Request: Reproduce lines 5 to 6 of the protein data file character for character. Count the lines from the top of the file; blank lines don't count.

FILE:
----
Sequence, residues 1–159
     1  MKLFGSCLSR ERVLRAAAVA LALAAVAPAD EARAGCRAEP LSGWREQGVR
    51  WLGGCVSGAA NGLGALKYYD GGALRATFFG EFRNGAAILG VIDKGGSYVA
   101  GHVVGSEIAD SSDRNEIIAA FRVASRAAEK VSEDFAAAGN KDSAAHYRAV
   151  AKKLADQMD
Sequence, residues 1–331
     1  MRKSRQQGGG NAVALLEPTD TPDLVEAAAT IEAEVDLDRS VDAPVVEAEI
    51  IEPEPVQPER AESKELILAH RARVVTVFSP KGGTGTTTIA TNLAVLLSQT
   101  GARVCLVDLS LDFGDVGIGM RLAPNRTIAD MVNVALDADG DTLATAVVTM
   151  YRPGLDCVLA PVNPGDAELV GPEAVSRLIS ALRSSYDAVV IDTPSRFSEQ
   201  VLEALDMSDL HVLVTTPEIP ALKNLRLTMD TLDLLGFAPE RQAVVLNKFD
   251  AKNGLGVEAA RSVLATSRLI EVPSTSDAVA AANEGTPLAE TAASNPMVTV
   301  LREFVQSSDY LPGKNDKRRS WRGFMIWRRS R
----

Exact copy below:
   151  AKKLADQMD
Sequence, residues 1–331